Gippsland: Blackcurrant shines for Cheryl
By Damien Donohue, June 12, 2019 - 8:41 AM

Balnarring horsewoman Cheryl Weller might not be a household name but she has tasted success as a trainer in three countries and ridden many smart horses in trackwork.
Weller’s most recent winner — her second in Australia — came at Park on Tuesday when promising three-year-old filly Blackcurrant took the Polytrack Maiden Plate (1600 metres).
Bought online for $8750 as a tried horse, Blackcurrant ($8) toughed it out for a narrow win over Casino Delight ($3.90) with Able Fun ($4.80) a distant third.
Weller trains a small team (currently two) on the beach at Balnarring while operating a successful pre-training business.
“I’m only small and happy to stay that way,” she said this week. “This filly suits my way of training.”
Born in England to an equestrian family, Weller has adapted her own training philosophy, preferring to lead her horses off a pony.
“I do things quite differently to most — I ride and lead all my horses. I find they stay sounder and happier.
“I might do some evens when the beach is good on Blackcurrant, but she usually just works off the lead mare.”
Blackcurrant will continue to pick away through the grades, with Weller hopeful in time she may develop into a jumper.
Jumping is in Weller’s blood — she rode on the point-to-point circuit in England before taking out a trainer’s licence as a 23-year-old.  She enjoyed some success, having worked previously for trainers of the calibre of Nicky Henderson.
With a sister living in New Zealand, Weller made the move in 2004 and spent seven years working for top trainer Murray Baker at his Cambridge base, riding such good horses as Nom du Jeu, Lion Tamer and Rios, while training six winners on the flat and over the sticks.
Weller headed to Australia to work for Mornington trainer Robert Kingston in 2011. A short stint with David Brideoake followed before Weller began pre-training for Darren Weir, working with gallopers of the calibre of Burning Front and Cliff’s Edge.
Since taking out her own Australian licence in 2017, Weller has trained two winners from 14 runners, while pre-training for Kingston, Mick Kent, Dave Feek and Shane Nichols.
Stable star Surprise Hero, a $9900 online purchase who’s won one of six for Weller, will head to Geelong on Friday for a benchmark 70 over 1340 metres.
The trainer says she’s happy with the six-year-old Kaphero mare’s progress.
“She’s in great fettle. We need to get her on a good surface, which is going to be tough this time of year, but she’s fresh and raring to go.”
A first for Adam
It was great to see Cranbourne based dual-licence holder Adam McCabe break through for his first victory as a trainer at Park on Tuesday when four-year-old gelding Dennis won the Lifestyle Communities BM58 Handicap (1000m).
McCabe and partner Sage Scally have five horses in work, with some nice yearlings in the wings, and were delighted to get on the board at their 13th attempt.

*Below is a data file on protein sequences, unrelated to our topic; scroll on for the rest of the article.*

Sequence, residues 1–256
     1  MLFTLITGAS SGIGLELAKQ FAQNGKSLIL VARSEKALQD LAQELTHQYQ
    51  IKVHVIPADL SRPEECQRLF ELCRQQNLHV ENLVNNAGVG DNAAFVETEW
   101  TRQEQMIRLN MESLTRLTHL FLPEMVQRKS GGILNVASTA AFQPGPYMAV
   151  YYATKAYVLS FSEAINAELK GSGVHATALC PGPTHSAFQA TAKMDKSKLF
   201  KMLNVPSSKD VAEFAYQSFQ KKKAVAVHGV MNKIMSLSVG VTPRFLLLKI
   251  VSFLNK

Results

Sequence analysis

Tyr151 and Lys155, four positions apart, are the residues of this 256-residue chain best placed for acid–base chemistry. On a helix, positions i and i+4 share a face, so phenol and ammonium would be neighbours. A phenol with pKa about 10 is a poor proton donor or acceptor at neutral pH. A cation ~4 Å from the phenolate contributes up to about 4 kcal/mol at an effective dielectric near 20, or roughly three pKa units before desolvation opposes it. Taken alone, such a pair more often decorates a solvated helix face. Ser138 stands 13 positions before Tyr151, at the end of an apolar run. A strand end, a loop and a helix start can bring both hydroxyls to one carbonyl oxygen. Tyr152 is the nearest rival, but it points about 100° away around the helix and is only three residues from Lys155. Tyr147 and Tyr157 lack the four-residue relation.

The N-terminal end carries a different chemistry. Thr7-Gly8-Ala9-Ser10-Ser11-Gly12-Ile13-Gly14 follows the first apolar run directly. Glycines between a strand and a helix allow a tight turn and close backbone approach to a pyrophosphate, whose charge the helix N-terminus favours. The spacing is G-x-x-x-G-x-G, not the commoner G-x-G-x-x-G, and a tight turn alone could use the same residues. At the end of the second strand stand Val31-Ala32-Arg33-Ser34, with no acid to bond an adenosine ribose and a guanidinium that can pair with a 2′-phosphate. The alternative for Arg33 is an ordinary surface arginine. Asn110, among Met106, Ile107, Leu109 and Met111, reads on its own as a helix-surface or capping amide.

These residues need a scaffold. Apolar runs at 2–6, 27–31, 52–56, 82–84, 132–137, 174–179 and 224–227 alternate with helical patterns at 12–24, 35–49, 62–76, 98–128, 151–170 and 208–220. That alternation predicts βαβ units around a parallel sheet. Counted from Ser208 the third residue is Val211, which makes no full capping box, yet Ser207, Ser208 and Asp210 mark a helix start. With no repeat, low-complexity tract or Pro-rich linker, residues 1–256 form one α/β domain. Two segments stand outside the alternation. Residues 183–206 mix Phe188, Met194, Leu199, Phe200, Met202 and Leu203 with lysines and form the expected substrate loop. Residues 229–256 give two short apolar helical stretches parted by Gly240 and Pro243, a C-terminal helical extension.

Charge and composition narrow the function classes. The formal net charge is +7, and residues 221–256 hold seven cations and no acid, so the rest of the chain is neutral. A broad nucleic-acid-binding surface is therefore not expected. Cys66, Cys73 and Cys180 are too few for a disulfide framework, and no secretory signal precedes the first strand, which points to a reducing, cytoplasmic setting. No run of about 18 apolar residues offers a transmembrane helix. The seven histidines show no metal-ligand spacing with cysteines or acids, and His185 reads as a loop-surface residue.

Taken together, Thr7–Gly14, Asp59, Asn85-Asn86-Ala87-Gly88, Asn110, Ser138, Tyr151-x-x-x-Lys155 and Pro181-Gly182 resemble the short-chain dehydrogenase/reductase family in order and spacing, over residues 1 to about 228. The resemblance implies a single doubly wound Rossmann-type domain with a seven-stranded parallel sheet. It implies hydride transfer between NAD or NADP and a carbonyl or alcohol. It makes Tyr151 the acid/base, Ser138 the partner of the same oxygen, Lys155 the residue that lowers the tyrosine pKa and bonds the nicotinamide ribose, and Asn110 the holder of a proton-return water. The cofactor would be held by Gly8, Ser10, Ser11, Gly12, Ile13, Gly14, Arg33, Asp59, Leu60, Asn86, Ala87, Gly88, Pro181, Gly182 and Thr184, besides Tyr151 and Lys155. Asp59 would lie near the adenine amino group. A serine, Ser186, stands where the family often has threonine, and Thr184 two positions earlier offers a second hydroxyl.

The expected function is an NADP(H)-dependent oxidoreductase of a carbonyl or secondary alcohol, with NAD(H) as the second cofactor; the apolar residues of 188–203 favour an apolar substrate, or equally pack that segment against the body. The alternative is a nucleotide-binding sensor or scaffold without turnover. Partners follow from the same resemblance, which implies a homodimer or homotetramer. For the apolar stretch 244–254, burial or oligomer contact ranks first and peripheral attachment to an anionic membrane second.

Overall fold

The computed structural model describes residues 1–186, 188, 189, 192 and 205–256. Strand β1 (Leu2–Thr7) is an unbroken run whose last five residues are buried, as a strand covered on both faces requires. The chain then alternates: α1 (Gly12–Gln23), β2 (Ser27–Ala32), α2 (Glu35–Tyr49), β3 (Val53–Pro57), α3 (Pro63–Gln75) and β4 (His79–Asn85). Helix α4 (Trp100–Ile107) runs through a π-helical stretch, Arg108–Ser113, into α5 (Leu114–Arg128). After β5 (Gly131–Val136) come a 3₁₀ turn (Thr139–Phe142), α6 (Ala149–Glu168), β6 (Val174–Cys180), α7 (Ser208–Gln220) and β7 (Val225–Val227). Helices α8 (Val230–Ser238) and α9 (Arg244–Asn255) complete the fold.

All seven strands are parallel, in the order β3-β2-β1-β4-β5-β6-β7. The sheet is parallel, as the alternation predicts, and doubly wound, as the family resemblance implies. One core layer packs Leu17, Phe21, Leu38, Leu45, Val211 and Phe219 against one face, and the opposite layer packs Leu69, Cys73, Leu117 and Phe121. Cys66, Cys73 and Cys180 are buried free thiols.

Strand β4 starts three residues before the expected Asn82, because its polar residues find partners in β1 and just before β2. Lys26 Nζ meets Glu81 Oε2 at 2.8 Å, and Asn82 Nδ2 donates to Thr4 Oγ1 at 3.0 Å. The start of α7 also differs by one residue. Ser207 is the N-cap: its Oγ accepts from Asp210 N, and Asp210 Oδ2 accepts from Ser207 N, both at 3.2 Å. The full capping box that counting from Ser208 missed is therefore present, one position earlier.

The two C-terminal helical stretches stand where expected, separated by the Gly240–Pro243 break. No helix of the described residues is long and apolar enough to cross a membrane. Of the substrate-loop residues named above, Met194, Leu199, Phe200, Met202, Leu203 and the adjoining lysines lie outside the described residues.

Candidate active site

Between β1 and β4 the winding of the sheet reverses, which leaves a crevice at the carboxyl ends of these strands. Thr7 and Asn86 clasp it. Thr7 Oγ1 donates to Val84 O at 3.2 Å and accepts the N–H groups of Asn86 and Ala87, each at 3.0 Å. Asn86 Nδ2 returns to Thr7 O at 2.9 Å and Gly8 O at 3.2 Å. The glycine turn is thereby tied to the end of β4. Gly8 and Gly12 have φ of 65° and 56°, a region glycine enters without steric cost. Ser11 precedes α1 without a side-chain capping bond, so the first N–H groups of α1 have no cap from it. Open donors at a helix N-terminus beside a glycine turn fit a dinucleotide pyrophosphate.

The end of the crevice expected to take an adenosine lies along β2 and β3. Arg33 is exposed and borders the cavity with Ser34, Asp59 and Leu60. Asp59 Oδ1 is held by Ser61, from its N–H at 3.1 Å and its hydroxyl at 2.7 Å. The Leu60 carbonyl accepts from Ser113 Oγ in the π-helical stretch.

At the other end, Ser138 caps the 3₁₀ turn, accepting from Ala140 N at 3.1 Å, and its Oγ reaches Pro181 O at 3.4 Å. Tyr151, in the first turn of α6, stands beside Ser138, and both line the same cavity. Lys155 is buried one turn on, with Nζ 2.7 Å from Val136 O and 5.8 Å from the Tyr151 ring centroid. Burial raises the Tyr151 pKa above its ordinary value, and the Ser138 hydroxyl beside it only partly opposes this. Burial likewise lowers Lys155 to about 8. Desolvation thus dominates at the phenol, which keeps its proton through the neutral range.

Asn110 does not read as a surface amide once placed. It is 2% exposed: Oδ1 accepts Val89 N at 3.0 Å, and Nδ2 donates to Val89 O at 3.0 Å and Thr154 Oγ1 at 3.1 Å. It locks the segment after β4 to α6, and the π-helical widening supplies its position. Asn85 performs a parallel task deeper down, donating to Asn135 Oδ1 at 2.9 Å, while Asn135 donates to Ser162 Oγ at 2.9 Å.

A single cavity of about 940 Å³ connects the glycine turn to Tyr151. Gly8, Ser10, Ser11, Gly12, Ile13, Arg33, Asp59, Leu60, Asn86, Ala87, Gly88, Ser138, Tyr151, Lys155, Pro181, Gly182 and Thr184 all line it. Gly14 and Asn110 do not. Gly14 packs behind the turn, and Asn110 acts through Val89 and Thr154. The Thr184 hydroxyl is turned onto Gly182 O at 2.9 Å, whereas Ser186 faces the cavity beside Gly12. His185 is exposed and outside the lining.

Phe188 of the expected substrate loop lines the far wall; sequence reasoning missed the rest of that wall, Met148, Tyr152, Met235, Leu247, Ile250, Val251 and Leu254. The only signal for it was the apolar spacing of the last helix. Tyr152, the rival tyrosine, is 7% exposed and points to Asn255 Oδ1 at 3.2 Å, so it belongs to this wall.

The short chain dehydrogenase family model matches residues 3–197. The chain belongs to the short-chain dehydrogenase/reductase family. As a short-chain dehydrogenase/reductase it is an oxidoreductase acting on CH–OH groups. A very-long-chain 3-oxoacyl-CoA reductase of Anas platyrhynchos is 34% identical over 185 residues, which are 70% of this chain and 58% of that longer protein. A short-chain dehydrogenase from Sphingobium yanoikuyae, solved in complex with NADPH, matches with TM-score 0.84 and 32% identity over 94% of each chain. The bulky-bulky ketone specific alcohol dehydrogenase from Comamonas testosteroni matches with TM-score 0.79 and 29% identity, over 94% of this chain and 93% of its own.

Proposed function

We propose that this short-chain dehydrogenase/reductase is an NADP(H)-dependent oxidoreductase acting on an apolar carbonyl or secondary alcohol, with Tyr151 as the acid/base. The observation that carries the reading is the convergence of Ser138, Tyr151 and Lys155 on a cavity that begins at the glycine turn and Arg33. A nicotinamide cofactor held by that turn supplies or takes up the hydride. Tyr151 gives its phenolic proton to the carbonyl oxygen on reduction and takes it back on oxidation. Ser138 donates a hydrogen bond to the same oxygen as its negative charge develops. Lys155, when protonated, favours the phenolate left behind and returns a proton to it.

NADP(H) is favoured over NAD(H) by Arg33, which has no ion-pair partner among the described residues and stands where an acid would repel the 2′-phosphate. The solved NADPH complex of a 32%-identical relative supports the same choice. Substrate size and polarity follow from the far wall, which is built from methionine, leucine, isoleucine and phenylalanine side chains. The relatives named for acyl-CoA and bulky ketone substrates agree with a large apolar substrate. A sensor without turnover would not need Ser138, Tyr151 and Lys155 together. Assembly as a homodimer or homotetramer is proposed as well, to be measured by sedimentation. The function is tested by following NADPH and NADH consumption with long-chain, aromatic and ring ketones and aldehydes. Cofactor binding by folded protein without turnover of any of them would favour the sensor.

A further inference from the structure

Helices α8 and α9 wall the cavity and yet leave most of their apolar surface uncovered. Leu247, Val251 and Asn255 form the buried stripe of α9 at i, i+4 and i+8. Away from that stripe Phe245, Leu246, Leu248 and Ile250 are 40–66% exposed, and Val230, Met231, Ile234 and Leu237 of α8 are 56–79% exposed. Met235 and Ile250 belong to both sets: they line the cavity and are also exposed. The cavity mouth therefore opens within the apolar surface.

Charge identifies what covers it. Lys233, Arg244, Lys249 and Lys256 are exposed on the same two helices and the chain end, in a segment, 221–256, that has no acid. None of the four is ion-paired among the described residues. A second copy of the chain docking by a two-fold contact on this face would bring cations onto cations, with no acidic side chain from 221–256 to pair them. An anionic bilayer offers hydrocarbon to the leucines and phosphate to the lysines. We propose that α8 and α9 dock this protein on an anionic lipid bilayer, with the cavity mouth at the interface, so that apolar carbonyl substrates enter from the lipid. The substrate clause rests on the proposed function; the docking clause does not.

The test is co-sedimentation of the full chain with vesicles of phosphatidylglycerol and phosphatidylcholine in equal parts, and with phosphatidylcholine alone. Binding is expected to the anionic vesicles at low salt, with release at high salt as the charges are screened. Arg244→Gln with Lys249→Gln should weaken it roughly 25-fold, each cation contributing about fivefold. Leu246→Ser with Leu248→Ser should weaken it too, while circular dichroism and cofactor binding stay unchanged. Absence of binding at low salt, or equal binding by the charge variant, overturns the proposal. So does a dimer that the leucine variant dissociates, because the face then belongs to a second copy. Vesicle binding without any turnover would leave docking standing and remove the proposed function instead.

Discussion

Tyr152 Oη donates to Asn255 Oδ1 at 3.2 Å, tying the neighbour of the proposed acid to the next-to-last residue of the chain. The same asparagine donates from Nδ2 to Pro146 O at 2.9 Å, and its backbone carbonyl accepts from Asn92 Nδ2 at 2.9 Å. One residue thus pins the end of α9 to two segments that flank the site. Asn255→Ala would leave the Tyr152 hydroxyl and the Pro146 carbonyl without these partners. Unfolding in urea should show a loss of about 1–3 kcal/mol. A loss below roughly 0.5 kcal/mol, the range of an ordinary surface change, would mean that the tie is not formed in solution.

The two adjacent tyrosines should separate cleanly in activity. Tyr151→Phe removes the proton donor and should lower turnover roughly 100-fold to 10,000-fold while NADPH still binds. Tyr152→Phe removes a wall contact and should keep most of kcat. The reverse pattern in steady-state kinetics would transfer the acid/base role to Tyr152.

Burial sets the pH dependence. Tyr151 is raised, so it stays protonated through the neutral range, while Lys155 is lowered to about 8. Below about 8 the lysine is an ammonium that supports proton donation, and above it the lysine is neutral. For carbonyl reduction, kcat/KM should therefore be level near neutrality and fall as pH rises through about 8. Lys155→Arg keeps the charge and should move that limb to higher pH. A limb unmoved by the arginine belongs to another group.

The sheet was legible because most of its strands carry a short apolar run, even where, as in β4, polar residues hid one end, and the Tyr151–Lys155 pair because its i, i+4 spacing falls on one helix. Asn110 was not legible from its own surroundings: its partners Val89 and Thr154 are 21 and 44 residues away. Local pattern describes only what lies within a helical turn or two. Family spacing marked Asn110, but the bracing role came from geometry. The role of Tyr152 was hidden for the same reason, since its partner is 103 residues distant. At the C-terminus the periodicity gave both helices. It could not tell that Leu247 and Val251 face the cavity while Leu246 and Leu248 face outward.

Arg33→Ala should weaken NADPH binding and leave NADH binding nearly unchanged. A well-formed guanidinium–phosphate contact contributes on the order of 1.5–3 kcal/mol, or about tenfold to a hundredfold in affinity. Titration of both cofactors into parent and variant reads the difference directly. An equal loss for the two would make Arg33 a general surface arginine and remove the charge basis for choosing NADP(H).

Formerly trained by Darren Weir, Dennis ($19) led from start to finish under Harry Grace, relishing the drop back in class from benchmark 75 grade.
One of the McCabe stable’s recent yearling purchases is a half-sister to Dennis by Lucas Cranach.
Still the holder of a jockey’s licence, McCabe prefers to concentrate on training these days and hasn’t ridden in race since winning on Our Audrey (whom he now trains) at Cranbourne on November 24, 2017.
The 27-year-old, who is tall for a jockey and has battled weight problems, has ridden 204 winners (47 in the city), highlighted by Avoid Lightning in the listed Lightning Stakes in Adelaide in 2012.
Templetons target Top End
Moe-based husband-and-wife trainers Paul and Tracey Templeton have arrived in the Top End with a small team to target the lucrative Darwin carnival.
Tracey reports the pair arrived safely last week after the marathon 3885-kilometre journey.
“We are here and the horses have travelled really well.”
Rakitiki will be the Templetons’ first runner this Saturday in 0-64 company over 1100 metres.
The pair hope to mix business and pleasure on a two-month working holiday in the warmth with a team of competitive bread-and-butter gallopers.
Rakitiki has shown a particular liking for Fannie Bay’s sand/oil surface, with five wins there in the past two seasons.
The Templetons won races at last year’s Darwin carnival with Rakitiki (two wins), Preemptive and Mulligans Falls, sharing their successes with comeback jockey Jason Maskiell.
Rakitiki has been joined this year by promising restricted-class galloper Dominant Gene and lightly raced maiden Equine Lotto, while this year’s wildcard is the formerly Peter and Paul Snowden-trained Suspense.
Now a six-year-old, Suspense is a five-time city-winning sprinter, purchased by the Templetons in January in an Inglis digital sale for $27,500.
Although none of the four has raced recently, they have looked in great order at the local trials.
Enough already
Bundalaguah cult hero, Not Enough Effort is having well deserved break in the paddock after tasting defeat for the first time at Flemington last Saturday in a competitive three-year-old race down the straight.
The winner of his first four starts and $210,600 in his first racing preparation, Not Enough Effort raced keenly in the early stages and weakened noticeably from the 100 metres.  The vet steward found the gelding to be suffering mild colic.
Trainer Sharyn Trolove reported this week: “Unfortunately he pulled up with colic after his race, but thankfully he’s fine now.
“Not everything goes to plan but our boy has certainly exceeded all expectations in his first racing preparation.
“He’ll enjoy a nice spell before being aimed at a spring campaign.”

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